A review of my first ‘Twelve Week Year’

Century follows century, yet events occur only in the present; countless men in the air, on the sea, yet everything that happens, happens to me…

From The Garden of Forking Paths by Jorge Luis Borges

As mentioned in this post, I embarked on a ‘twelve week year’ in October, so I thought a quick write-up might be instructive for anyone else considering it. There are several good arguments for the system, but foremost is that a year is simply too long a time horizon; yearly goals are usually too abstract, and easily fall to the wayside in the face of unexpected (or even expected!) disruption. The twelve week span allows you to keep your goals in mind much more reliably, and setting measurable tactics and lead/lag indicators means you can iteratively update your goals within the timeframe. Despite this, I found that even in a couple of months my priorities shifted, and other events took over towards the end. I would still say that it was worth doing, and plan to start another ‘year’ in February, after a winter fallow.

I had three goals for my first twelve week year:

Each goal had associated tactics on a week by week basis, and I dedicated specific two hour blocks each week to the first two. I put the website together on wordpress, and most of the work (and expense) came in getting professional headshots done, after which came the relatively simple tasks of choosing a layout, writing a fresh bio, and setting up a mailing list and integration with an events calendar. I had planned to include some recordings as well, but that proved a little difficult to sort out, for reasons I’ll go into below. The website is basically an online business card at the moment, but it’s a good start, and also has benefits at the level of simply taking myself more seriously as a jobbing musician.

My second goal came in at 50% execution, with three each of blog posts and mixes [1, 2, 3; 1, 2, 3]. As with the website, this goal was essentially curtailed in mid-November, when I was simultaneously hit by a heavy cold, and the semi-predictable busyness of extra music work in the run up to Christmas, including a very enjoyable and successful concert with my choir. I was particularly pleased with the first blog post, on mental polyculture, and the second mix, which was based on a party playlist and therefore included a few things I might not have played otherwise.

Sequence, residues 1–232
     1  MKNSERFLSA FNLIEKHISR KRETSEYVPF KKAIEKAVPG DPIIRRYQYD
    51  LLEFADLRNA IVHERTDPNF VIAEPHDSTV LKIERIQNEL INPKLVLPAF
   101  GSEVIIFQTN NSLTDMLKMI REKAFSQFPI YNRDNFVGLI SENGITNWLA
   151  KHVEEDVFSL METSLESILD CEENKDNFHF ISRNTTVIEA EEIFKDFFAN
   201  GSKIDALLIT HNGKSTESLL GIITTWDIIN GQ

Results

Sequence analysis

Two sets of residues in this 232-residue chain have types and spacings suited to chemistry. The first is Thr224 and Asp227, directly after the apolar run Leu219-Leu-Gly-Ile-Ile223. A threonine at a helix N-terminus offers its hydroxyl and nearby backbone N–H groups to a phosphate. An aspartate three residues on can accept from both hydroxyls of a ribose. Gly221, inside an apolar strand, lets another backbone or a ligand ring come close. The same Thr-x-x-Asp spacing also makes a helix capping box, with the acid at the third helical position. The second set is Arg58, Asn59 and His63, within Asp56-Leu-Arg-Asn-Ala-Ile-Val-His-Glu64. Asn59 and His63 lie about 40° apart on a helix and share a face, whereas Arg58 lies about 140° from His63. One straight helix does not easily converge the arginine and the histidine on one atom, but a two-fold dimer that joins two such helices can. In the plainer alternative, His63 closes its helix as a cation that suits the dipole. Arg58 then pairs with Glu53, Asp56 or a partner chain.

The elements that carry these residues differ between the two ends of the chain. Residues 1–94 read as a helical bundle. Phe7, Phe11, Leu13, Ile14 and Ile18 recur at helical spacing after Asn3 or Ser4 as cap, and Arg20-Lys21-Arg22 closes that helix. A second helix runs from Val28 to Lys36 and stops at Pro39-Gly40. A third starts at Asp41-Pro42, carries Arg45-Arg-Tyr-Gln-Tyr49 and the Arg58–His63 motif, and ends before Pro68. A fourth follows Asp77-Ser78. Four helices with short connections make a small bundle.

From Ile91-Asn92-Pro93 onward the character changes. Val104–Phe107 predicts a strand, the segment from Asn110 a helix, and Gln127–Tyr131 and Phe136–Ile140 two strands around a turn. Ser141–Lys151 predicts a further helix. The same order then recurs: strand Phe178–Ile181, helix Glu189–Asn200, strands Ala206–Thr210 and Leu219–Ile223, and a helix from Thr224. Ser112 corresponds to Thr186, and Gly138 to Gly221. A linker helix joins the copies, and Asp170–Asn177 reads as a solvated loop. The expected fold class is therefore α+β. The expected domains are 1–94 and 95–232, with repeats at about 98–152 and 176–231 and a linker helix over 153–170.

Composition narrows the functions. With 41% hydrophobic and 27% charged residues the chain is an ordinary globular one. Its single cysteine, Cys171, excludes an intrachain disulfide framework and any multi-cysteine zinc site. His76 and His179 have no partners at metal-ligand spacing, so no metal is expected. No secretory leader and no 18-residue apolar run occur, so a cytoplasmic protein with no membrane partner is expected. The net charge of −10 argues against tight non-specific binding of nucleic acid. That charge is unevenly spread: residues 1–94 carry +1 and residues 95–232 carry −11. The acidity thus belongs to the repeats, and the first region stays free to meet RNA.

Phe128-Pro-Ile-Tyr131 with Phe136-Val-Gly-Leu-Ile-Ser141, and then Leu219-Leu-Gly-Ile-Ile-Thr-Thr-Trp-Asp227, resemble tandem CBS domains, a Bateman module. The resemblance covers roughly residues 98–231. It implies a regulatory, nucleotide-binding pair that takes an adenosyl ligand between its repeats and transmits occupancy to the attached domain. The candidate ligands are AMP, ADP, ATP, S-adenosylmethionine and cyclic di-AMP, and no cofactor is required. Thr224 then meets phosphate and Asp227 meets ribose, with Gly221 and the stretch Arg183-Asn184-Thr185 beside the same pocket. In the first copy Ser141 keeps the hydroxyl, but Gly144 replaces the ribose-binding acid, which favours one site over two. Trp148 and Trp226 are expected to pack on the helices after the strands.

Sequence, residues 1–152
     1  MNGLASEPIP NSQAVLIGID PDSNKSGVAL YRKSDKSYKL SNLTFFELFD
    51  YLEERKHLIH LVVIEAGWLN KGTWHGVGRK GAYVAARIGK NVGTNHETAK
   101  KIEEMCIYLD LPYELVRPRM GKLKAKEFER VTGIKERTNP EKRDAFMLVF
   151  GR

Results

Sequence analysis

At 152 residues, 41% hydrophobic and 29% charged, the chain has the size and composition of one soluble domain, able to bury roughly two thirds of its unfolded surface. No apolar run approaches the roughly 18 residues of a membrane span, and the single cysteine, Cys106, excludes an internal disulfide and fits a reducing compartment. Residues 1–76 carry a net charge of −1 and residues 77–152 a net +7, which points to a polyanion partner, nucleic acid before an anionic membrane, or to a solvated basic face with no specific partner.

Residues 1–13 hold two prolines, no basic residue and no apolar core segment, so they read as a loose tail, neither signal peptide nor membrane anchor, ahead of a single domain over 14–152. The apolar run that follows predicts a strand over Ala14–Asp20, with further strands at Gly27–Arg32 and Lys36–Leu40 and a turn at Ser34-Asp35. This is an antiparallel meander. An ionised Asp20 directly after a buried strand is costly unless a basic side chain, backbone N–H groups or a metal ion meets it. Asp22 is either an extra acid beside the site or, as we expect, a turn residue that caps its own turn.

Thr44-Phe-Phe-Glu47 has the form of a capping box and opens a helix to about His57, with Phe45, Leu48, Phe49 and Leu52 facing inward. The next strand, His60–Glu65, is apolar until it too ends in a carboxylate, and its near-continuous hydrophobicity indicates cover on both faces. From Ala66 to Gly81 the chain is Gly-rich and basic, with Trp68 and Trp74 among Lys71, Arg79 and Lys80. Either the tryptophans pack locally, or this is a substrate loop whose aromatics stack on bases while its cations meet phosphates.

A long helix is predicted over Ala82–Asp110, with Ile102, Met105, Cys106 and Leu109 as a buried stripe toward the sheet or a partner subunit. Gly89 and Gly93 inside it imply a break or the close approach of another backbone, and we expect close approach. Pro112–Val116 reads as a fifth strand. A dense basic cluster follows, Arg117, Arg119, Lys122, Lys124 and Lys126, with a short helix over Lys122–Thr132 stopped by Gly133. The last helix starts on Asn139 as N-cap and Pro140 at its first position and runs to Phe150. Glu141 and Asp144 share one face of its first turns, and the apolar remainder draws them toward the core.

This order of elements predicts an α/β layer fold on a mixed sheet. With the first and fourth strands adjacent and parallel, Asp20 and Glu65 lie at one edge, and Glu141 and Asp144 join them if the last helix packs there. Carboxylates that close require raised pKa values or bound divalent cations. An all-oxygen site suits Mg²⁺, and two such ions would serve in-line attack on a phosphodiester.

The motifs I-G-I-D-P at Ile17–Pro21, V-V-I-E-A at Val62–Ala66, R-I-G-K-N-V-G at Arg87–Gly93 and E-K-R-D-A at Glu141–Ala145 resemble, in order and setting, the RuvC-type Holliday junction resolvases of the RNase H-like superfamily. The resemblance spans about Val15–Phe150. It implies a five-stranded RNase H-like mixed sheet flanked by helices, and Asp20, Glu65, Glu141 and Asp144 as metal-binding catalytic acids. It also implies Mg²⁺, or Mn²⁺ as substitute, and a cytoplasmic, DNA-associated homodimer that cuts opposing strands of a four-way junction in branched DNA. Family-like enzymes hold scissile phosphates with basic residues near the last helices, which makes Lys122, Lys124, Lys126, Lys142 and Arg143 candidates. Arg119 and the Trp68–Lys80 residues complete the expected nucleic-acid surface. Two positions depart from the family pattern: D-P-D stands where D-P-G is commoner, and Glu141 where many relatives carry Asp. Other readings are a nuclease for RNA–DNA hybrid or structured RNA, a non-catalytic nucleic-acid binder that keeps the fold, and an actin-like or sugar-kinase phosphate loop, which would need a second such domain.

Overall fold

The third goal was not so easy to measure, but I probably hit about 50% execution there too. As an example of how priorities can drastically shift even within a twelve week span, my gym buddy moved up north, leaving me without our shared gym subscription, and I switched over to guided home workouts, using FitnessBlender (which I have used on and off for years and love!). Illness aside, I have at least settled into an exercise pattern which mostly fits in with my life, of doing workouts in the morning two or three times a week, and fitting in a meditation session before bed.

An important part of the system is the weekly review, which I had been doing anyway after reading GTD last year – I usually did mine on a Saturday, but have now moved it to Monday morning in the interests of saving Saturdays for unscheduled fun. The percentage scoring can seem a little silly at times, but in a way it demonstrates that you are at least getting something done. Although I didn’t complete each goal in the way I initially envisaged, all of them have resulted in interesting output and some new connections. Several people I met at the Sensemaker workshop last week said that they were enjoying my blog, to which I say – please let me know if you’re reading and enjoying! It makes me many times more likely to write more posts (and hopefully better ones).

Overall, despite my misgivings about rigid productivity systems, I found my first twelve week year to be fruitful and enjoyable. As with all such things, the mindset you use to approach it is key. You have to be able to let go of uncompleted or unrealistic goals, and be continually open to unexpected outcomes and opportunities. I’ve decided to bring the twelve week year into my broader toolkit of personal productivity, and I’m looking forward to trying it again in February.

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